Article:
The fact that Supreme Court nominee Amy Coney Barrett "served as a ‘handmaid’ in Christian group People of Praise," in the words of The Washington Post, is a thing. It's a thing that is concerning to a lot of not evangelical or fundamentalist Christian Americans. Republicans are, however, trying to make that a landmine for Democrats, with Senate Majority Leader Mitch McConnell leading the way. They're saying any questions about her rather out-of-the-mainstream practice is an attack on faith. They are in fact itching to have a fight about her religion.
But that's eliding a larger problem: Barrett has been actively trying to cover-up her association with People of Praise and her fundamentalist beliefs, and People of Praise have been helping. This is what Democrats need to be focusing on. The Post reports that while Barrett has disclosed "serving on the board of a network of private Christian schools affiliated with the group," People of Praise will not confirm that she is a member. Furthermore, in the last few years it has "removed from its website editions of a People of Praise magazine — first those that included her name and photograph and then all archives of the magazine itself." Why are her ties to the group being scrubbed and who is helping her do that?
That goes along with Barrett's failure in 2017 and again this year to disclose that she had signed on to a newspaper ad in 2006 taking the most extreme position on abortion possible, advocating for the overturning of Roe v. Wade and going further, saying she opposed "abortion on demand" and defended "the right to life from fertilization to the end of natural life." That's leaving the door open for banning types of birth control and for investigation and potential prosecution of women who've had miscarriages, the furthest forced birth extremists tend to go. Of course she doesn't want that information in front of the Judiciary Committee or the American public, which supports abortion rights.
So who's covering it up for her? Is the White House advising her to withhold information? Is the Republican-majority Senate Judiciary Committee staff helping her pick and choose the information senators and the American public get to weigh when considering the nomination? Because it sure seems like a concerted effort, and the kind of thing that raises eyebrows for investigators. What else might she be failing to disclose—and why? This should at least require more time for a more thorough investigation and Democrats should demand that. It's not about her religion: It's about why she is trying to cover up her religion!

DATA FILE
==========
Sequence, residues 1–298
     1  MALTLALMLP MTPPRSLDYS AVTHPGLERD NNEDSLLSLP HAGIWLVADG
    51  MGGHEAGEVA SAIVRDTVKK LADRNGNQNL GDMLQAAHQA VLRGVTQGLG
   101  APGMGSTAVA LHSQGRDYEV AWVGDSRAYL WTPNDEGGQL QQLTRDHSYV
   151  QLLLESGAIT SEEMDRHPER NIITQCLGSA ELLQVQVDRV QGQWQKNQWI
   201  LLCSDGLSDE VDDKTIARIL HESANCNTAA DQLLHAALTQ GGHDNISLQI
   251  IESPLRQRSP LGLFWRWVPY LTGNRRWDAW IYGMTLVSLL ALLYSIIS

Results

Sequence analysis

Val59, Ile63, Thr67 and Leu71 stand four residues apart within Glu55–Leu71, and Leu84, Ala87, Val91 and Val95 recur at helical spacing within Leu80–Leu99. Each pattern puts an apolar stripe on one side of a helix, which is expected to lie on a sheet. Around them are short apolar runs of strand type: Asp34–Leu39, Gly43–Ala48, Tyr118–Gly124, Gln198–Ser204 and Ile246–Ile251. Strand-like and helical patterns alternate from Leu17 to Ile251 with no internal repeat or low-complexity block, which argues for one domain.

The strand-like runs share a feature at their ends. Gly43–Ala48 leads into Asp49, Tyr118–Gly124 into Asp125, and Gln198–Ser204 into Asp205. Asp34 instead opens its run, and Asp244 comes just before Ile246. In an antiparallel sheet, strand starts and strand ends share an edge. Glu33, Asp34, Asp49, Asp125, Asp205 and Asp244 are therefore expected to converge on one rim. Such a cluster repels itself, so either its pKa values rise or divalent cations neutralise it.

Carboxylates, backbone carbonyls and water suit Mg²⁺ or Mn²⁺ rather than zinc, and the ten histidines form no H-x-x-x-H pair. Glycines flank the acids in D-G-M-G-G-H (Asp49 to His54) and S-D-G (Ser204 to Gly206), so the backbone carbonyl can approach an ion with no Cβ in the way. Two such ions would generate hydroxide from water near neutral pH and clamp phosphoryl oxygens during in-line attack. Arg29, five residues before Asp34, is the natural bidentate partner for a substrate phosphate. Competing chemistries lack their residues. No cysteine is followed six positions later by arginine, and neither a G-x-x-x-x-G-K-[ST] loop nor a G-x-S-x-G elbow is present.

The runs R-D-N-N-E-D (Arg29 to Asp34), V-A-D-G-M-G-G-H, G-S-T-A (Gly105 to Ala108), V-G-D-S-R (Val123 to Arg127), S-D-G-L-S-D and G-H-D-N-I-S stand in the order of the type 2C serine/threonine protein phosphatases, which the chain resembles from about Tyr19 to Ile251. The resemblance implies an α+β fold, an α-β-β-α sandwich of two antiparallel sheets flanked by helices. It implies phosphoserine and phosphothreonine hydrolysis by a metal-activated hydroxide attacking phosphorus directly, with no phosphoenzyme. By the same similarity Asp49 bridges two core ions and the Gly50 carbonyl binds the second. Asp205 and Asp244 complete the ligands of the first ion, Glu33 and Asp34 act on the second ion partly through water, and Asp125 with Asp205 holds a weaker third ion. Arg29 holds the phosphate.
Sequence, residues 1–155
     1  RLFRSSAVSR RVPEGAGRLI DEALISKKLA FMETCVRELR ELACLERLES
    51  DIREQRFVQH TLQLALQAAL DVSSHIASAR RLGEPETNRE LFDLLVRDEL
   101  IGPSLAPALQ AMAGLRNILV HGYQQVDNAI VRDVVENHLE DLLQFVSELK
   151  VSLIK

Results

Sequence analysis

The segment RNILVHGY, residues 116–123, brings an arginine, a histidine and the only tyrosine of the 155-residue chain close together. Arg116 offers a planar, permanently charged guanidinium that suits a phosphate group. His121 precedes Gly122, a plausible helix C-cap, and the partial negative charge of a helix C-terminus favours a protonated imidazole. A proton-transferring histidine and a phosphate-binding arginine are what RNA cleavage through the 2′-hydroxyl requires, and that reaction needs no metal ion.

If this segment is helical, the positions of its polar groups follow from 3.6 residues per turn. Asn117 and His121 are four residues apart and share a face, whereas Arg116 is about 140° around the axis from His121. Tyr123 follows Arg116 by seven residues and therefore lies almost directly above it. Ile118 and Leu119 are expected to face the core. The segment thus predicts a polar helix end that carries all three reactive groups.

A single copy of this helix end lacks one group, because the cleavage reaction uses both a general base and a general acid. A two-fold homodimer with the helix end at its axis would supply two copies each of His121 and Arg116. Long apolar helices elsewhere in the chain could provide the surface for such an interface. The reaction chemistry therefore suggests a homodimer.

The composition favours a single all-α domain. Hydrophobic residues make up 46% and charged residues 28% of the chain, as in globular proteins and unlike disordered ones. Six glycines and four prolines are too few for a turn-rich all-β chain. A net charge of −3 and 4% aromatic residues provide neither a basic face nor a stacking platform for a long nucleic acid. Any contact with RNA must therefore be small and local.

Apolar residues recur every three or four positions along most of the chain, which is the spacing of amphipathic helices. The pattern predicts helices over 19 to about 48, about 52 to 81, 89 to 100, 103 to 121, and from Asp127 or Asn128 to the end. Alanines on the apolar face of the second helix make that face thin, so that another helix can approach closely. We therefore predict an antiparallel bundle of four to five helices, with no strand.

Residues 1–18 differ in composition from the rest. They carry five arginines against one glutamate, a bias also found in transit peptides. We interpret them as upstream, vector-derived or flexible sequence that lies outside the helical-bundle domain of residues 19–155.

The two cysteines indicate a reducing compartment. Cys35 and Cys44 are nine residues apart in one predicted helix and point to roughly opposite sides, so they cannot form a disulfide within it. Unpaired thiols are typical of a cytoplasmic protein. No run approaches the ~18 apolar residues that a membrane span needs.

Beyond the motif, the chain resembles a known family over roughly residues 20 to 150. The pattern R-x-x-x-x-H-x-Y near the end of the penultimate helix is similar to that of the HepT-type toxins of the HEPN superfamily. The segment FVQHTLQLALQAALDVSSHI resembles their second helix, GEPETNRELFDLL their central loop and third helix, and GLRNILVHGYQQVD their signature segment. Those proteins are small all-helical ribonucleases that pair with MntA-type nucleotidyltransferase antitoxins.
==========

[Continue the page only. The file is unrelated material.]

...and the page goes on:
Clearly the investigation into Brett Kavanaugh wasn't thorough enough because McConnell and Sen. Chuck Grassley, who was then chair of the committee, wouldn't let it be. They didn't give enough time. That means there are still outstanding questions about Kavanaugh, and big ones. Like who paid his $92,000 country club fees, his $10,500-a-year private school for his kids, his $60,000 to $200,000 credit card debt, and his $1.2 million mortgage before his confirmation hearings. Which is a question for another time and potentially an impeachment investigation when there's a Democratic-controlled Senate. Potentially.
But on this nominee, there needs to be an investigation. The FBI needs to figure out why there was a coordinated effort to cover this information up, why the People of Praise group has been erasing her from existence in their organization, and what else she could be withholding from the committee. It's not about the organization itself: It's about the effort to prevent the Senate and public from knowing. She, and the Republicans, demean the process by hiding things.
There are already serious questions about her fitness to serve. First and foremost, Barrett accepted the nomination in the first place, in these extraordinary circumstances and mere weeks before a presidential election. Then she participated willingly and knowingly in what turned out to be a coronavirus superspreader event that violated the rules the District of Columbia has in place for public gatherings. Yes, the White House is federal land and not governed by D.C.'s ordinances, but it shows an appalling lack of judgement on the part of this would-be justice to participate in the whole fiasco.
But there are also questions about her actual ability to judge. She actually authored a Seventh Circuit opinion last year "that threatened to hurl corporate insurance policies into chaos" and was quickly and quietly withdrawn to allow the lower court judgement she had initially overturned stand. It was an "episode that stunned attorneys and raised questions about her judgment." Because she made an extremely basic and big mistake. She ignored state law, in this case Indiana’s, in her initial ruling. "Her opinion, absolutely, 100 percent, ignored Indiana law with respect to how those things would be decided," one lawyer involved said. "It was the only time in my career where I had to file a brief that raised this point."
It's a given, even among conservatives, that Barrett got this nomination not for her legal qualifications but because of her ideological ones. That's not even debatable in 2020, after the Trump administration and the kinds of judges—even those rated unqualified—he's promoted. What's remarkable is the extent to which Republicans are still committed to covering up her background. That's a problem, and one that gives Democrats absolutely every reason to fight this nomination. Not on religious grounds: on the cover up.